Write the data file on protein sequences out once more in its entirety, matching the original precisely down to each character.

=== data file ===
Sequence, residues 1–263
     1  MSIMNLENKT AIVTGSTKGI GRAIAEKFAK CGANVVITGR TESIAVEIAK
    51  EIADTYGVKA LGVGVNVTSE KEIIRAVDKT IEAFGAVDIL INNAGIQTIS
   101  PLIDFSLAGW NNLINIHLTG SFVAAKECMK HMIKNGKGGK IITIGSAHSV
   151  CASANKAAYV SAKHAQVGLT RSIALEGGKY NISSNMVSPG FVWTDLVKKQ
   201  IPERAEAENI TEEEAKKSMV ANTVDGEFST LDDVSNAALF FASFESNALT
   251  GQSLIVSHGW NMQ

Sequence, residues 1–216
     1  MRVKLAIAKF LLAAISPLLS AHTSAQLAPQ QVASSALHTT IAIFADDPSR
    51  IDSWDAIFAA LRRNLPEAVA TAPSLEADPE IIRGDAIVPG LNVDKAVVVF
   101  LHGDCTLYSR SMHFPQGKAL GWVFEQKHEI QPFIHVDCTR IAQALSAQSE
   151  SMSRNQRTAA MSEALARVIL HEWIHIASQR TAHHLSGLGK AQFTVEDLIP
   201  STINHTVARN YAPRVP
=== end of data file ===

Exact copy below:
Sequence, residues 1–263
     1  MSIMNLENKT AIVTGSTKGI GRAIAEKFAK CGANVVITGR TESIAVEIAK
    51  EIADTYGVKA LGVGVNVTSE KEIIRAVDKT IEAFGAVDIL INNAGIQTIS
   101  PLIDFSLAGW NNLINIHLTG SFVAAKECMK HMIKNGKGGK IITIGSAHSV
   151  CASANKAAYV SAKHAQVGLT RSIALEGGKY NISSNMVSPG FVWTDLVKKQ
   201  IPERAEAENI TEEEAKKSMV ANTVDGEFST LDDVSNAALF FASFESNALT
   251  GQSLIVSHGW NMQ

Sequence, residues 1–216
     1  MRVKLAIAKF LLAAISPLLS AHTSAQLAPQ QVASSALHTT IAIFADDPSR
    51  IDSWDAIFAA LRRNLPEAVA TAPSLEADPE IIRGDAIVPG LNVDKAVVVF
   101  LHGDCTLYSR SMHFPQGKAL GWVFEQKHEI QPFIHVDCTR IAQALSAQSE
   151  SMSRNQRTAA MSEALARVIL HEWIHIASQR TAHHLSGLGK AQFTVEDLIP
   201  STINHTVARN YAPRVP